With so much of our community focused on major changes that will affect our sense of place, we must take time and learn more about the many long threads, the people and their histories, that weave this community together into an exciting and vibrant whole.

Twenty-five years ago, Carole Lexa Schaefer started The Little Friend's Pre-School ( here on Queen Anne. She has a master's degree in early childhood education from the University of Washington. Before starting the school, she taught in Taiwan, Switzerland, Micronesia, Missouri and Washington. Now she has been settled for more than 25 years in the Queen Anne community where, as she says, "I live here, I work here, I write here." I must add that she also gardens here!

I first met Carole at a book-signing party celebrating National Children's Book Week at Queen Anne Books. I have no idea why I stopped at the bookstore that day, except, of course, I always love to go there. I was slowly browsing in the corner when I noticed that the line was gone at her signing table. I have always loved the magic of children's books and went to investigate. What a rich experience - and once again I felt like celebrating, out loud, our little community that is filled with a grand assortment of talent.

Carole has had 18 books published, many of them winning prestigious awards. "The Biggest Soap," with illustrations by Stacey Dressen-McQueen, was the winner of the 2005 Peace Corps Writers Best Book for Children, as well as a Charlotte Zolotow Book Award. "Down in the Woods at Sleepy Time" won the Washington Center for the Book Top Ten Book Award in 2001. Do check out her website ( to find out more about the numerous awards her writing has received over the years.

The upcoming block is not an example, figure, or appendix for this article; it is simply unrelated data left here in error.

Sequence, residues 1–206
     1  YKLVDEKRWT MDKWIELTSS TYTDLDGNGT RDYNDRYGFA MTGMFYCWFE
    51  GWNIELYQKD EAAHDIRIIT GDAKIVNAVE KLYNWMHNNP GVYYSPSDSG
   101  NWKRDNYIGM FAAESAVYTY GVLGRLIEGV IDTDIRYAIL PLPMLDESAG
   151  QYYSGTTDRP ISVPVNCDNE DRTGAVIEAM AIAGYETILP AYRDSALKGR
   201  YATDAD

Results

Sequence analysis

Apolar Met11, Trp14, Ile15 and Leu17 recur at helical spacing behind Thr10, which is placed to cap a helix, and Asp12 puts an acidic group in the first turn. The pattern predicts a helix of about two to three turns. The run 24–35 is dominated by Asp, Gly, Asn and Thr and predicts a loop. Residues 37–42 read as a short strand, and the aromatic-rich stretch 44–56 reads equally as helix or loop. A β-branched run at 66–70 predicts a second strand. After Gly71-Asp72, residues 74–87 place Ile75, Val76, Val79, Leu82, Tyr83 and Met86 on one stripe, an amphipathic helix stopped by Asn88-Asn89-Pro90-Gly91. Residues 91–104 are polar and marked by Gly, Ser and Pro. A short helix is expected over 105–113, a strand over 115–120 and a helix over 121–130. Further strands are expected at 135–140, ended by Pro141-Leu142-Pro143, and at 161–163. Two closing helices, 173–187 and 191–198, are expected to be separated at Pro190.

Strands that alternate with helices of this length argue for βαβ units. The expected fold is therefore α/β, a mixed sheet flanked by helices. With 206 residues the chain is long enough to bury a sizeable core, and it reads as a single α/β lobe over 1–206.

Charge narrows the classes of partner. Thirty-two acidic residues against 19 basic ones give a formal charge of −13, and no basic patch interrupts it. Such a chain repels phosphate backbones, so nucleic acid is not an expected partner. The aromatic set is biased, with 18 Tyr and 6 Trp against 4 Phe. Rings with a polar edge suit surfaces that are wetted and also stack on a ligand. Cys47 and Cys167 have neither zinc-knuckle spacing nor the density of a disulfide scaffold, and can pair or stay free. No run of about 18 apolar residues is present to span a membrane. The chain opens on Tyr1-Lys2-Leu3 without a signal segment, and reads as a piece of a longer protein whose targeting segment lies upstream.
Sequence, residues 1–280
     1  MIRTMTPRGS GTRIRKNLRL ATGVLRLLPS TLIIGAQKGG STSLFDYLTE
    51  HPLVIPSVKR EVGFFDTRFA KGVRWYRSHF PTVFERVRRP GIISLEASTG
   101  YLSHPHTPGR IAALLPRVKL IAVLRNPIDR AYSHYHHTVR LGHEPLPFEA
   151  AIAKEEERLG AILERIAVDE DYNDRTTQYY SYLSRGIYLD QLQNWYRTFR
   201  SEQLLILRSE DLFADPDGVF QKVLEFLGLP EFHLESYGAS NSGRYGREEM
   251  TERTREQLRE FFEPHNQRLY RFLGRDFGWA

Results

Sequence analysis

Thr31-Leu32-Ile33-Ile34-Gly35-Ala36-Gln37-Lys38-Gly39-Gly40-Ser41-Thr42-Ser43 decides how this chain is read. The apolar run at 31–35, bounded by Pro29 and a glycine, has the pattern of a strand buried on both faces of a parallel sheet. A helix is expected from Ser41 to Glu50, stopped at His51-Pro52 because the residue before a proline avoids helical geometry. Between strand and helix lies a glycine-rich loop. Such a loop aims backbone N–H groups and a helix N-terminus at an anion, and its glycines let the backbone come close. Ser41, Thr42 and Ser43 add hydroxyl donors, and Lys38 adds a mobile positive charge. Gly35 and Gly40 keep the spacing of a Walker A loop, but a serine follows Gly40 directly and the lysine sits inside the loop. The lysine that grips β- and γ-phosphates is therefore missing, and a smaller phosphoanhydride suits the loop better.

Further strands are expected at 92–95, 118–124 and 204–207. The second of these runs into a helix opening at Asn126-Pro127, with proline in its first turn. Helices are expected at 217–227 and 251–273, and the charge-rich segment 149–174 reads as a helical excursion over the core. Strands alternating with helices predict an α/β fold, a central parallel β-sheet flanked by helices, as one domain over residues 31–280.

The range of her subject matter is broad and intriguing. Her historic fiction picture book, "Two Scarlet Songbirds," is a blending of historical fact and imagination. Anton Dvorak, the Czech composer, heard the song of the scarlet tanager while spending the summer in Iowa in 1893 and was inspired to write the third movement of the American Quartet, a string quartet in F major. After reading this magical book you will find yourself straining to hear all of the birds' songs whenever you are out walking or gardening. And you meditate on that elusive concept called creativity - where it can come from if your ears or eyes are sufficiently open.

Her book "Cool Time Song" is a paean to stewardship of our planet, told with very few, but precise, words. The illustrations by Pierr Morgan perfectly celebrate Carole's carefully crafted writing. The great animals of the plains - lions, hyenas, elephants, and giraffes - make their song in the cool of eventide: "Care for the water." "Tend the land." "Laugh together." "Hear the animals' peaceful cool time song." "And, people, oh people - sing along."

These are not preachy books. Instead, she guides you along in a joyful and thought-provoking course toward her themes. Her most recent book, "The Bora-Bora Dress," could be seen as a plea to get a little tomboy into a dress, just for once. But that would completely miss the theme of strong-mindedness being gently bent towards broadening dreams. It is good to know that this book is now ready to go into its third printing, for that means it is deeply resonating for many children, parents and teachers.

Perhaps the quiet power of this book lies in the fact that there was a real Lindsay, who came to the preschool one day in February, announcing that her sundress had been brought back from Bora-Bora. Carole writes: "This story was inspired by a strong-minded little friend of mine who loved to read so much, she began when she was 3." The book is dedicated to her memory.

[[In-content Ad]]